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Editorial: Setting Our Course
Rehabilitation nurses are fortunate to practice in a specialty area with a bright future and great potential to further expand patients’ quality of life and functional outcomes. Although predicting the future is always difficult, the benefit of such an exercise is that it allows us to consider viable practice possibilities. Let us examine where rehabilitation nursing is today. Rehabilitation nursing
Some significant trends are emerging in our practice. First, the depth and breadth of rehabilitation nursing is becoming more substantial and is anticipated to accelerate. Expanding technology and treatment advances continue to increase survival rates of individuals with chronic or previously deadly conditions. In addition, the aging of our population has markedly augmented the need for rehabilitation services to cultivate optimal health and quality of life.
Second, because healthcare organizations, health policy makers, and consumers are concerned with reducing hospital lengths of stay and managing costs, it will become more important to begin rehabilitation care when patients are initially admitted to acute care settings. As a result, the demand for improved coordination of acute and rehabilitation care services will become a higher priority. However, this change will require rehabilitation nurses to have well-developed practice performance standards to evaluate the contribution of their care to both the short- and long-term patient/family outcomes ranging from acute care to community-based situations.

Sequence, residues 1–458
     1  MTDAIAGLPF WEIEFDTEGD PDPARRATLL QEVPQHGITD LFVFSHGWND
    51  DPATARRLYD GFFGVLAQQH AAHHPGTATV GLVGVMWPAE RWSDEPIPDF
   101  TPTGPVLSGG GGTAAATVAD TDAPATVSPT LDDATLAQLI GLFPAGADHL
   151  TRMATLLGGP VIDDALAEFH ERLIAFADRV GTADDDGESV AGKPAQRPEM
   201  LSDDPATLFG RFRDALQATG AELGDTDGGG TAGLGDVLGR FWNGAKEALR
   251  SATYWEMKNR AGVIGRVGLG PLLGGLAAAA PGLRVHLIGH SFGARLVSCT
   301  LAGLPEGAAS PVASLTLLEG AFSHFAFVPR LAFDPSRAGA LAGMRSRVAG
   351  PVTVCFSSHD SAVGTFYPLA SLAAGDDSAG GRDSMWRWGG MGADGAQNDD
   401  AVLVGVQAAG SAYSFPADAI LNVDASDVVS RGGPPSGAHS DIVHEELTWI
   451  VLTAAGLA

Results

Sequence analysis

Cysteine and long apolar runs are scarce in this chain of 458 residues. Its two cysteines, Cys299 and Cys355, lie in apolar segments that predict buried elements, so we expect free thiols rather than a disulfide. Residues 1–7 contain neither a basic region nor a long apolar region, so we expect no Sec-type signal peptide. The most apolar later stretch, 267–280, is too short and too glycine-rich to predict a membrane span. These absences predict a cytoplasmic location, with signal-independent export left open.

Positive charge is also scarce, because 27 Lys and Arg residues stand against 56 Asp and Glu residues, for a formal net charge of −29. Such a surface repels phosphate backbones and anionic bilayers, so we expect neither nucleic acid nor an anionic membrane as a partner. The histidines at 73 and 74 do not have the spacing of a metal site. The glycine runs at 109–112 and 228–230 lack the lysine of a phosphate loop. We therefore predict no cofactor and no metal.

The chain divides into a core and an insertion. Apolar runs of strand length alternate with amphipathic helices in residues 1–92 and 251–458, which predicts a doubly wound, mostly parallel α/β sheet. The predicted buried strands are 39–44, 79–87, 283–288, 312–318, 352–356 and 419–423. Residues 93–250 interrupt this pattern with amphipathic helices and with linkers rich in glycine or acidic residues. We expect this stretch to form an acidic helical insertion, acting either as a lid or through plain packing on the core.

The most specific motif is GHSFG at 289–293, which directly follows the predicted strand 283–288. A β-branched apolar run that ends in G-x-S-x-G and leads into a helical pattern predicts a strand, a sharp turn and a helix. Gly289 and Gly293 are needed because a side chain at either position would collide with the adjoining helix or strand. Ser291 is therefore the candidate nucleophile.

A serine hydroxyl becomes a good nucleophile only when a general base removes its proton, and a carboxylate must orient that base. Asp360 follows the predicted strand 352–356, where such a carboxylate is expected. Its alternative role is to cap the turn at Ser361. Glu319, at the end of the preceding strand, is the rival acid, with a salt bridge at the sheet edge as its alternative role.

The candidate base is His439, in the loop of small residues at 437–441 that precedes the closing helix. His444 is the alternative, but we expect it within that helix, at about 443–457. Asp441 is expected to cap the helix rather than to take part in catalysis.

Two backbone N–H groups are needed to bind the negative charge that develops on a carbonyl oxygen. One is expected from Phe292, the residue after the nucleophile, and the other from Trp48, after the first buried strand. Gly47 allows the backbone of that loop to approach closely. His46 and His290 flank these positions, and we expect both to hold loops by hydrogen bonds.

Third, globalization and interconnectivity of our world through technology and transportation will affect our practice in substantial ways. Telemedicine, for instance, will become more commonplace and increase the likelihood of greater diversity in patients, families, and HCPs. The problems associated with limited resources (e.g., manpower, financial support, equipment, HCPs’ expertise) that affect achieving quality care outcomes are also anticipated.
Finally, there is a growing emphasis on maintaining the wellness of all patients across the lifespan. In particular, patients increasingly recognize that as changes occur with aging, there will be greater demands for more targeted, cost-effective, and scientifically supported interventions to promote well being, maximize patients’ physical and cognitive functional capacity, and improve quality of life. Advocacy—an important aspect of our present practice—will become even more crucial as we address the multifocal needs of our patients and their families.
As we ponder the future, Rehabilitation Nursing must remain an important voice of leadership, a source of up-to-date information, and a place where questions may be raised and answered. In addition, it is pivotal that the journal be viewed as an essential resource for making data-based decisions pertaining to rehabilitation nursing practice. There are several tangible ways this journal can stay in touch with its members and the changing dimensions of our practice.
Although the future of rehabilitation nursing practice and health care is somewhat uncertain, this is an exceptionally creative and exciting time to explore new possibilities and be a rehabilitation nurse. The challenges confronting rehabilitation are great, but so are the opportunities.